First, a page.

The phrase “All models are wrong, some are useful” is quite loosely used. Some take it in a very literal sense to imply that “Modeling is a futile exercise”.
This is a terrible misunderstanding and we shall see why shortly.
“All models are wrong, some are useful” is an aphorism (meaning it is a concise expression of general truth). But the aphorism in this case leads to misinterpretation.
Firstly, it is important to understand what modeling is.
The purpose of modeling is to provide an abstraction of real process. Basically, a good approximation of reality.
Anybody who mistakes the abstraction for the real, commits the Fallacy of Reification (yup, one more fallacy to add to the list of all fallacies which we data scientists/statisticians commit).
Anybody who mistakes the abstraction for the real, commits the Fallacy of Reification
Coming to why the phrase should not be taken literally, a good analogy would be that of an example of a Map.
In an exact sense, a map is also wrong because it does not provide 1:1 mapping of the real world.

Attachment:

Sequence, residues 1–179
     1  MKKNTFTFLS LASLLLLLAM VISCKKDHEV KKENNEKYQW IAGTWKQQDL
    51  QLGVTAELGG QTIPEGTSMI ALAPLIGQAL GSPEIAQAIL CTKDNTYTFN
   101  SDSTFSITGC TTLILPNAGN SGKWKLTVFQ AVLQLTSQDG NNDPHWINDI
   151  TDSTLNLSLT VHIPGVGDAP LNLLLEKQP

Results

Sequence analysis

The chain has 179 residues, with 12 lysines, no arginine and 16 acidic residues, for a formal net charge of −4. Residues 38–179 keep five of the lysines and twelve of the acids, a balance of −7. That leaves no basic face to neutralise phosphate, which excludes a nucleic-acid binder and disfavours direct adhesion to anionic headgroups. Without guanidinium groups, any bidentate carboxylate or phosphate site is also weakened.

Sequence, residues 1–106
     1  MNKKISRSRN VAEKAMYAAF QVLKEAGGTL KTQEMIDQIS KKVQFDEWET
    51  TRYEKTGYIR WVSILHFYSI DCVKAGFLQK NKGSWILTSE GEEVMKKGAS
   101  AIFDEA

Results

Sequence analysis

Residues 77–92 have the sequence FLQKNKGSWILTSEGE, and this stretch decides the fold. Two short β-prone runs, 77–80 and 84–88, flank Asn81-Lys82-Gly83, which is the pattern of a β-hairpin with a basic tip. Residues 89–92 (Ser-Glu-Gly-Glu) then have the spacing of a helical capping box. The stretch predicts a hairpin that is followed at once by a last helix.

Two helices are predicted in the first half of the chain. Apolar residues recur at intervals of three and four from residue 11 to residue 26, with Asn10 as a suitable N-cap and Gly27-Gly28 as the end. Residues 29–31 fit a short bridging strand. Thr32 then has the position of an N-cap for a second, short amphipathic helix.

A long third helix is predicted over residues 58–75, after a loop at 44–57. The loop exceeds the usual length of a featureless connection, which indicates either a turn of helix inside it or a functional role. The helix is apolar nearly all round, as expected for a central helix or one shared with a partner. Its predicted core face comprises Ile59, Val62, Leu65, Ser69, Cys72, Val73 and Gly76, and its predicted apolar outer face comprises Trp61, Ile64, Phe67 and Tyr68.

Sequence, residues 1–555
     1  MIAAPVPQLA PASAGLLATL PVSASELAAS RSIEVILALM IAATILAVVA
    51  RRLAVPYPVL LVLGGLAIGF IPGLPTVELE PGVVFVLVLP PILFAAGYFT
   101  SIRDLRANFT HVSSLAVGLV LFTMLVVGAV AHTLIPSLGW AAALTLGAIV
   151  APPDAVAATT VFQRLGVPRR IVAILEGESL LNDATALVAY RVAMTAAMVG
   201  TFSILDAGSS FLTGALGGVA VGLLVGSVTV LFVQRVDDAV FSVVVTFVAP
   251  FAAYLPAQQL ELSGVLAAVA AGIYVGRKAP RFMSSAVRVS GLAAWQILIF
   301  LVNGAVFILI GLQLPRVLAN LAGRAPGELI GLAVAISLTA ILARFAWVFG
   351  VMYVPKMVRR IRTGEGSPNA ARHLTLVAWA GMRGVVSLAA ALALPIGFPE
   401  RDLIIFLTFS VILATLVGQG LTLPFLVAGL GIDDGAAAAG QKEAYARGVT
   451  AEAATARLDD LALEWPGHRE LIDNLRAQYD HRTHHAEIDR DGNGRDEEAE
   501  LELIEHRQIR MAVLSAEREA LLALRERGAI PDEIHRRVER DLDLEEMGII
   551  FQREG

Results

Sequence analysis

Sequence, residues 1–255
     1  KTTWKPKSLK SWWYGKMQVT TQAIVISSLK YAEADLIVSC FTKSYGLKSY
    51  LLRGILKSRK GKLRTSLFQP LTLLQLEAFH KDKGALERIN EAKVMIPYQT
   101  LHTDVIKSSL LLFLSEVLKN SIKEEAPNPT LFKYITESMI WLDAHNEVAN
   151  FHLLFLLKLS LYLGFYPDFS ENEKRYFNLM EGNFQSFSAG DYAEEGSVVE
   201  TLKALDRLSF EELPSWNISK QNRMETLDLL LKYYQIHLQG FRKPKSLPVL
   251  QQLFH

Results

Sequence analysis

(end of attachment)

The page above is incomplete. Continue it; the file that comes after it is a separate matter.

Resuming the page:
So, George Box’s phrase should be construed the same way as a map is considered wrong because it does not represent the real world.
Does a map provide 1:1 mapping to the real world?
But is it mighty useful?
Also, talking about utility of the models, John Tukey’s words conveys the essence clearly.
“Far better an approximate answer to the right question, which is often vague, than an exact answer to the wrong question”.
So, to summarize
“All models are wrong, some are useful” ≠ “Modeling is a futile exercise”.
Reference: On Exactitude in science — Jorge Luis Borges
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